• is engaged in employment abroad and has at any time had at least ten years continuous lawful residence in the UK.

Recent changes to NHS charging

From 1 October 2012 all charges for HIV treatment for anyone who is resident in the UK, regardless of their residence status, will be abolished.

However non-HIV NHS treatment may still be chargeable, unless it can be directly linked to your HIV. Find out more on the Department of Health website.

 

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1 comments

  • Hi I am a Uk citizen wishing to go live in spain.
    I would like to know how i go about getting my medication abroad if i do that.
    I want a new start new life and wont be earning a fortune as only working 3 days and renting a place with a friend.
    Is it illegal to keep popping home to the uk for my medication and how do I get it in spain if it is.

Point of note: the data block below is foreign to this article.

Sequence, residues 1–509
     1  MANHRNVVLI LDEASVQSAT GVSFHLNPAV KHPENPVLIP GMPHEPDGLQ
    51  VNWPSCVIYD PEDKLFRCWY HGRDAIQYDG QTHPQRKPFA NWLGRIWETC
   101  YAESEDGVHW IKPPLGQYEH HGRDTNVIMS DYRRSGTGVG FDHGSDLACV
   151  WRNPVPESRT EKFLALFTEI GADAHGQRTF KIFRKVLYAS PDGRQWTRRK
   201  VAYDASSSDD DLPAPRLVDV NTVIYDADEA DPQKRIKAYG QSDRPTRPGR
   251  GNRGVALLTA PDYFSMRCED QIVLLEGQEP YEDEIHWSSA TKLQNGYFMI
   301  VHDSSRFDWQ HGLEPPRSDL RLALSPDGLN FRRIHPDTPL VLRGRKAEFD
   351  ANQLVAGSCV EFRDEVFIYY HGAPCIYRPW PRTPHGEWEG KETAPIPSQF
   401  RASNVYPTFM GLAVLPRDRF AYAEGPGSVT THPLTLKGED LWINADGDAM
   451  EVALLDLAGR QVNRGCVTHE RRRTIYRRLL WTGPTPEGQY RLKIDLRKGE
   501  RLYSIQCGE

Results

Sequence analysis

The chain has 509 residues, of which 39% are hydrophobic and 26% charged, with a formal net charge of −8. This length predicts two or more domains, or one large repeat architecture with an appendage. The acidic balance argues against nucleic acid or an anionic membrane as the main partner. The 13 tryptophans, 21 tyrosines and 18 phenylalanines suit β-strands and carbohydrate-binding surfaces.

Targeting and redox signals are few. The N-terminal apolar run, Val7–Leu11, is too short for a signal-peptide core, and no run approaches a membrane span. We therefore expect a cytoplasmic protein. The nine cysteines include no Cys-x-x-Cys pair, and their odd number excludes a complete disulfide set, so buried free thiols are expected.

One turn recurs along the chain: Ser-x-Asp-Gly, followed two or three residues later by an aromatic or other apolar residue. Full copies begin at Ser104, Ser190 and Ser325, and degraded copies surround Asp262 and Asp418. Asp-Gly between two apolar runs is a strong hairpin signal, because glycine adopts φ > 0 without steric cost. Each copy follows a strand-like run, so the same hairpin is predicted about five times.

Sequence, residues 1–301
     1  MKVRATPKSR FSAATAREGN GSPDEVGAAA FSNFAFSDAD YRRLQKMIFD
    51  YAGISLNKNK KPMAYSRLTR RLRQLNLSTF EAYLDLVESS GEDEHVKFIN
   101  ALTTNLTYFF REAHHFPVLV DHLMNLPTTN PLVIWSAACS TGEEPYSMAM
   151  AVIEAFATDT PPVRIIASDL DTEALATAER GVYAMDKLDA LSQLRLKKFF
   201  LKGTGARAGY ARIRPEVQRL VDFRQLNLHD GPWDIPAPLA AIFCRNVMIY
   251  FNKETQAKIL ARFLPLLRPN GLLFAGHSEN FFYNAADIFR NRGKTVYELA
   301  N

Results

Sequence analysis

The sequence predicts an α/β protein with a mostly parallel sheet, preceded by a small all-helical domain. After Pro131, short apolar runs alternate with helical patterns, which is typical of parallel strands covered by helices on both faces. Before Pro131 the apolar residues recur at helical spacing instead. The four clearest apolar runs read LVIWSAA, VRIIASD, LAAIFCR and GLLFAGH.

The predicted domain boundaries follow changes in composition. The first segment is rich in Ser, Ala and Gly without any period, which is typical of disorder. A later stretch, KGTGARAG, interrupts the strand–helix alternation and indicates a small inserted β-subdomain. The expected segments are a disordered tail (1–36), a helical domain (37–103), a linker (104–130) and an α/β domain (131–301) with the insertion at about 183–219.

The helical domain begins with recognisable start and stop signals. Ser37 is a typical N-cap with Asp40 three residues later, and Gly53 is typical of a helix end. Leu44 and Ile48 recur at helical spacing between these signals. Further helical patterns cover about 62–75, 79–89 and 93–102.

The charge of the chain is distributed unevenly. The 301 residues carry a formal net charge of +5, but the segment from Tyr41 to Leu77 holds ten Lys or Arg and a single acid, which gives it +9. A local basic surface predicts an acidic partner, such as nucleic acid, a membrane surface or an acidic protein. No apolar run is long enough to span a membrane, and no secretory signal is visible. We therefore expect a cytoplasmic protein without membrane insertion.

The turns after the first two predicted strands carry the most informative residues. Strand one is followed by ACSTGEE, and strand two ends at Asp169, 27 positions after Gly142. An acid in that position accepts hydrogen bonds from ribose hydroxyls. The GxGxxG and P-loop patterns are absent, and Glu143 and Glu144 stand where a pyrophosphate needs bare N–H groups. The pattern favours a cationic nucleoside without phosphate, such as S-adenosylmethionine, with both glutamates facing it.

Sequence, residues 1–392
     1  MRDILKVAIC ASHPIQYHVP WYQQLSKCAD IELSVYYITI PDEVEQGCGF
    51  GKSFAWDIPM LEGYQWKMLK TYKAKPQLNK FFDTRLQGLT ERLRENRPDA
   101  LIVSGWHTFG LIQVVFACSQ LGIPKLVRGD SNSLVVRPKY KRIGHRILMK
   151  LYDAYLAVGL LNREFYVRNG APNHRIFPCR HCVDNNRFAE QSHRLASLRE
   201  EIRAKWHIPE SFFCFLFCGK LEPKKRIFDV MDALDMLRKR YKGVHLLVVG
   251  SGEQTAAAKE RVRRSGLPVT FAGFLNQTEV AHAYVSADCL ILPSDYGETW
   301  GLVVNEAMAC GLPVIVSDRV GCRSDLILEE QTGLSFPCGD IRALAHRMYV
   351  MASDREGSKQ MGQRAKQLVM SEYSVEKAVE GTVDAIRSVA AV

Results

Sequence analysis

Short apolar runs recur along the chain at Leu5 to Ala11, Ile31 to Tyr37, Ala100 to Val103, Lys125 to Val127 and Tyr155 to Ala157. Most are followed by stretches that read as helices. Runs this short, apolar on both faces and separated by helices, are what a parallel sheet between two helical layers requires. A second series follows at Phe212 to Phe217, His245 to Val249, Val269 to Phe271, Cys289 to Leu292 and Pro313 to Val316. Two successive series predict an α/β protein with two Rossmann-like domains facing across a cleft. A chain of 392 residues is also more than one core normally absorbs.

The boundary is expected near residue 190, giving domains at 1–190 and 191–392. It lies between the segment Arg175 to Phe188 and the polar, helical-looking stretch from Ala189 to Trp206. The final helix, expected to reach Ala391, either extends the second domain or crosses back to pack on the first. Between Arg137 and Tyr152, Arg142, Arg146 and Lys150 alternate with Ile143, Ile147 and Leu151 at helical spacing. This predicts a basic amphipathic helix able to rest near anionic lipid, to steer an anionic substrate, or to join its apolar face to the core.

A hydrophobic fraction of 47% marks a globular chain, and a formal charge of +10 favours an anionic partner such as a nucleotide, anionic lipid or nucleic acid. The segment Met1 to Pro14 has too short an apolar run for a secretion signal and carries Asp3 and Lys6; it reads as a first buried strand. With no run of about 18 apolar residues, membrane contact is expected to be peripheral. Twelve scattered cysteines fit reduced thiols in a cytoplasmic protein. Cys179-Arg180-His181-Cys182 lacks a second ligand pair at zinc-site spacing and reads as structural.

Thanks for any help david

    Posted 15:56 Wed 22 Aug 2012 by david200

The Information Standard: Certified member

This article was last reviewed on 19/2/2014 by T. Kelaart

Date due for the next review: 21/3/2014

Content Author: E. Cotton

Current Owner: Advice & Advocacy

More information:

Seddon, Duran. Immigration, Nationality and Refugee Law Handbook, JCWI, 2006

UK Border Agency

Asylum seekers, Department of Health 

Am I entitled to NHS treatment when I move to England?, NHS 

HIV treatment for overseas visitors, Department of Health

Revised guidance on overseas visitors hospital charging regulations published

Changes to NHS charging rules for HIV from October 2012